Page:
Getting Around UAE By Ferry, Water Bus and Water Taxi


For captivating vistas of Dubai from the water, embark on a journey aboard the modern and sophisticated Dubai Ferry. The ferry service operates three times daily in each direction, offering a 75-minute cruise between Bur Dubai and Dubai Marina. Additionally, there are daily one-hour round-trip excursions that depart from the Marina, passing by the iconic Burj al Arab; circumnavigating Palm Jumeirah to Atlantis; traveling from Bur Dubai down the coastline to Jumeirah Public Beach, and navigating the Creek from Bur Dubai. Regardless of the route chosen, the fares for all ferry trips are set at 50 dirhams (50dh), with the option of Gold Class available for 75 dh.

Water Bus:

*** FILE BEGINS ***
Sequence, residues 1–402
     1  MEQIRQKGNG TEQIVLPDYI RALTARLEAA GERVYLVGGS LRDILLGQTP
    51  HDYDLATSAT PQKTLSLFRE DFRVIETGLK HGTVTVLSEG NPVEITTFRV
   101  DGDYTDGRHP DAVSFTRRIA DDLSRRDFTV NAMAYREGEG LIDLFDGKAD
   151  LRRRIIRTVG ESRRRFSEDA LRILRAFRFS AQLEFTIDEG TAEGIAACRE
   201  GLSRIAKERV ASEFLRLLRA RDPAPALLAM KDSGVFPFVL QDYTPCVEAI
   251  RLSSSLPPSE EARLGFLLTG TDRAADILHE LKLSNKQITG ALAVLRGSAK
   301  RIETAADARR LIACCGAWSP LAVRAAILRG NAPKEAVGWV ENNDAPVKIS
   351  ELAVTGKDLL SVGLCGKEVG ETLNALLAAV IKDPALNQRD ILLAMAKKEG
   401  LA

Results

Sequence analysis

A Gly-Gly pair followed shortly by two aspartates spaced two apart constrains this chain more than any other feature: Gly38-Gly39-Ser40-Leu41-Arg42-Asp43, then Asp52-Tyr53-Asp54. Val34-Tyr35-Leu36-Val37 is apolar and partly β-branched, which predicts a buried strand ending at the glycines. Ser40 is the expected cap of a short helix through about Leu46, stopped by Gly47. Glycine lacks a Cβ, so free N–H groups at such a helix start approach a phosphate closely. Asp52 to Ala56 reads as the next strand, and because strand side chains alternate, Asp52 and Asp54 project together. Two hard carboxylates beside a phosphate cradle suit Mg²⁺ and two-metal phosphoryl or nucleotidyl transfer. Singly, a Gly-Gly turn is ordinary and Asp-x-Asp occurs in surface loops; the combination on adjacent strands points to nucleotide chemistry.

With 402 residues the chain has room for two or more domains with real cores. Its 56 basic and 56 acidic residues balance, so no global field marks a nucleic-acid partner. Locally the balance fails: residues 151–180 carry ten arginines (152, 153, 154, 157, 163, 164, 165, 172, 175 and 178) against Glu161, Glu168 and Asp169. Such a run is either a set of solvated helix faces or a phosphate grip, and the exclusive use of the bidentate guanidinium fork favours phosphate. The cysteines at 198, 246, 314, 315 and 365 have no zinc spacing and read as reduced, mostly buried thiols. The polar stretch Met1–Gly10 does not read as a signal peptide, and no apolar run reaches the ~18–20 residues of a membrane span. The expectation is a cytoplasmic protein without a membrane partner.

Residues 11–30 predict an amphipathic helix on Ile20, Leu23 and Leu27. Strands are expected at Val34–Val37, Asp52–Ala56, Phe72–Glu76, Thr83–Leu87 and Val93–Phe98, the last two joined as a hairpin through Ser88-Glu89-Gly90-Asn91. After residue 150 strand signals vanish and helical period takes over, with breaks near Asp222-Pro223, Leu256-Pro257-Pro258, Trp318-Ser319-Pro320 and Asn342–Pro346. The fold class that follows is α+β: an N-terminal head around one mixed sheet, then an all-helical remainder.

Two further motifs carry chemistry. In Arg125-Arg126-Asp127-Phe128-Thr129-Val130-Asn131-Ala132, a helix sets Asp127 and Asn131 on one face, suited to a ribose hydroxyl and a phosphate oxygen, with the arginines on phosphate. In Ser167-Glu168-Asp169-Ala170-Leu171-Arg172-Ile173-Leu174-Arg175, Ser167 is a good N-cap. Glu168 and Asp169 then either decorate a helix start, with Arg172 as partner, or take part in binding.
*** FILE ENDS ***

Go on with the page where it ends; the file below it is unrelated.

For shorter trips across the water, a small fleet of water buses operates in the Marina area. They run from Saturday to Thursday between 10 am and 10 pm and on Fridays from noon to midnight. The Marina route has four stations, with fares ranging from 3 to 5 dirhams (3/5dh). These water buses depart every 15 to 20 minutes, and you can purchase tickets at the water bus station where you board. Note that Nol cards are not accepted for payment.

Water Taxi:

In addition to these services, Dubai has introduced a new water taxi service, featuring 32 stations spread across the city. These water taxis are modern, air-conditioned boats with panoramic windows, accommodating around ten passengers. Unlike regular scheduled services, you must charter a water taxi by calling 800 90 90 or booking online at Water taxis are available daily from 10 am to 10 pm, with fares starting at 60 dirhams (60dh) for short journeys and increasing to over 300 dirhams (300dh) for longer routes. Alternatively, you have the option to hire the entire water taxi for fixed durations ranging from 30 minutes to 8 hours, allowing you to enjoy leisurely cruises at your own pace. The cost for renting the entire taxi starts at 200 dirhams (200dh) for 30 minutes.